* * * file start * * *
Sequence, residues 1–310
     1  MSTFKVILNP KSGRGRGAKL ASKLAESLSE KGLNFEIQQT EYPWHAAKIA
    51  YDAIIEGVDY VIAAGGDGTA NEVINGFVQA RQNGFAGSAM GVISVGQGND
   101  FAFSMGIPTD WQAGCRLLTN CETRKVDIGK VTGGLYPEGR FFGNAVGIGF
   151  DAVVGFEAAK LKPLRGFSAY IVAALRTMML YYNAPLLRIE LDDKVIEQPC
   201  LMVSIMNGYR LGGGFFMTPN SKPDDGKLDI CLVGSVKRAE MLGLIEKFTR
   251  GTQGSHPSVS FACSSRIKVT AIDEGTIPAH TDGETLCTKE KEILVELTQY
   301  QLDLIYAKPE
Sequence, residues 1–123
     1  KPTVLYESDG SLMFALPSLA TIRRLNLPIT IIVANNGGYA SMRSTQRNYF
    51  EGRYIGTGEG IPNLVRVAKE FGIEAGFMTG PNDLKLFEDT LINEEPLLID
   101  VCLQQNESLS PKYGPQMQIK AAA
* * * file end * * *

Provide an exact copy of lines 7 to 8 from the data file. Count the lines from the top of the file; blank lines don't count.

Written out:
   251  GTQGSHPSVS FACSSRIKVT AIDEGTIPAH TDGETLCTKE KEILVELTQY
   301  QLDLIYAKPE